ISLAMABAD (Reuters) - Pakistan’s President Pervez Musharraf announced his resignation on Monday in the face of an impending impeachment motion by the ruling coalition government.
Following are the views of analysts and officials.
“The pressure in Pakistan was mounting for him to step down as he was seen as standing in the way of any credible transition to democracy — and today we saw him reading out his own epitaph on his misrule and lack of governance.”
“He tried to justify pretty much what he had done, but I think at the end of the day this was the only option, because the space for him to remain president had shrunk so much that it had become .. impossible to carry on”.
“This is a positive sign considering we were looking at a long drawn-out confrontation that will be avoided now.
“It’s a major victory for the new government but there is still a lot of uncertainty going forward. The main unifying force for the new coalition government was their mistrust of Musharraf, and it remains to be seen whether they can resolve the remaining issues.
“First is the restoration of the deposed judges. They have set a three-day deadline for that. Next is the war of terror and both parties do not see eye to eye on the strategy for that going forward.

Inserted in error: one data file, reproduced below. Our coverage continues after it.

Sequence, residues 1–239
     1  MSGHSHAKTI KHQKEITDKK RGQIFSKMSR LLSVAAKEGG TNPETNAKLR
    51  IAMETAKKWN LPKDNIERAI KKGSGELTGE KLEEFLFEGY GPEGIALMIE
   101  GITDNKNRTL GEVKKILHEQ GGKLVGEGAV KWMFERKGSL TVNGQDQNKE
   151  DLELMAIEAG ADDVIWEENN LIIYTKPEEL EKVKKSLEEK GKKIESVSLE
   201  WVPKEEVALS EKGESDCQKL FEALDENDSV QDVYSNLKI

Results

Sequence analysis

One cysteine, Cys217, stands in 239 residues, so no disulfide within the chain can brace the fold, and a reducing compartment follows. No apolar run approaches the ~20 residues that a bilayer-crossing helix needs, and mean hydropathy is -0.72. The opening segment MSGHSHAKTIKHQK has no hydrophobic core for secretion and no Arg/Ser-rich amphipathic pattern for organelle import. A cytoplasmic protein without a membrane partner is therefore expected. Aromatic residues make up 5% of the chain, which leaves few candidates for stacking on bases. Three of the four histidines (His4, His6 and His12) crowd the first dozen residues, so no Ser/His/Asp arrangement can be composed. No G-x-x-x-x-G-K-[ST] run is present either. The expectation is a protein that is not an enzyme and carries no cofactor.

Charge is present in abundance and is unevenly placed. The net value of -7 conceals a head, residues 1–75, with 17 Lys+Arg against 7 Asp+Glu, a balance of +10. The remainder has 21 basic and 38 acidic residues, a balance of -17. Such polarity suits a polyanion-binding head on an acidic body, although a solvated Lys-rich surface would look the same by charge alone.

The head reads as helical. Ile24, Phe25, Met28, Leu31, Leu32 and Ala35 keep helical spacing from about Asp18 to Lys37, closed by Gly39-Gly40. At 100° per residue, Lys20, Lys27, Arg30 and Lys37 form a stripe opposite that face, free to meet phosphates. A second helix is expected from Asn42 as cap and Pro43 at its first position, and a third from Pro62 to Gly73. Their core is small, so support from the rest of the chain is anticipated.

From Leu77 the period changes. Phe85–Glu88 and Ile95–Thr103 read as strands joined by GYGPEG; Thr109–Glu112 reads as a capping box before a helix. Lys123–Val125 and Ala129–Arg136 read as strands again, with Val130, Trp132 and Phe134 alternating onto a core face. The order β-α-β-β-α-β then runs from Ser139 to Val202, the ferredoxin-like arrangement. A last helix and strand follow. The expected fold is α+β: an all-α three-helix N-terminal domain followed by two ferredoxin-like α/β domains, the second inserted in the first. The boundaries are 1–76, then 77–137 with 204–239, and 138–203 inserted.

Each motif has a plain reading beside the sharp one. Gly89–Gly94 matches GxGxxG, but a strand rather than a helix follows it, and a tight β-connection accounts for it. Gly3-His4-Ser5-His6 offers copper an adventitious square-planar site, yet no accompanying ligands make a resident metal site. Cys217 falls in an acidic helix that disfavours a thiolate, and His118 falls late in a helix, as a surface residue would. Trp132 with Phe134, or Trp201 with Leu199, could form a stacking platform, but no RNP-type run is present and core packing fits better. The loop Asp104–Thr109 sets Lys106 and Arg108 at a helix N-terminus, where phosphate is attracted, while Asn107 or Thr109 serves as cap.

“I expect markets to remain strong in the next two (to) three from the initial jubilation from Musharraf’s resignation.
“It eliminates all the uncertainty in the market and I think the political uncertainty is coming to an end. The government will hopefully start concentrating on the economy. From an economic point of view, they have no excuses now and they have to perform.
“As to whether it is good or bad for the country, that remains to be seen and we will tell two to three years from now.”
“The broader issue right now is will it clear up the political situation? Will the coalition government work together? Will there be a power grab?
“What I will like to see right now is the coalition government sticking together to address the economic problems — rising inflation, widening trade gap et cetera.”
WAJID HASAN, PAKISTAN’S HIGH COMMISSIONER (AMBASSADOR) TO
“He damaged Pakistan a lot. He claimed that he put Pakistan back on the map of the world — (but) the fact is that Pakistan, during his time, came to be known as an epicenter of international terrorism.”
“The general perception was that he was part of the problem, not the solver of the problem.”